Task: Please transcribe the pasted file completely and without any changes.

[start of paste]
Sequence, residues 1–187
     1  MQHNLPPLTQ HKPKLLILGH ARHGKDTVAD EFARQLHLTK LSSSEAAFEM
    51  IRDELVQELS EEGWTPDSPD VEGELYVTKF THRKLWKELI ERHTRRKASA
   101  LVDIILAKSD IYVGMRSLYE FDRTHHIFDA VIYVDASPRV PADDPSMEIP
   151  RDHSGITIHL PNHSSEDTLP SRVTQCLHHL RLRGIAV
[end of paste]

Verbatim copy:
Sequence, residues 1–187
     1  MQHNLPPLTQ HKPKLLILGH ARHGKDTVAD EFARQLHLTK LSSSEAAFEM
    51  IRDELVQELS EEGWTPDSPD VEGELYVTKF THRKLWKELI ERHTRRKASA
   101  LVDIILAKSD IYVGMRSLYE FDRTHHIFDA VIYVDASPRV PADDPSMEIP
   151  RDHSGITIHL PNHSSEDTLP SRVTQCLHHL RLRGIAV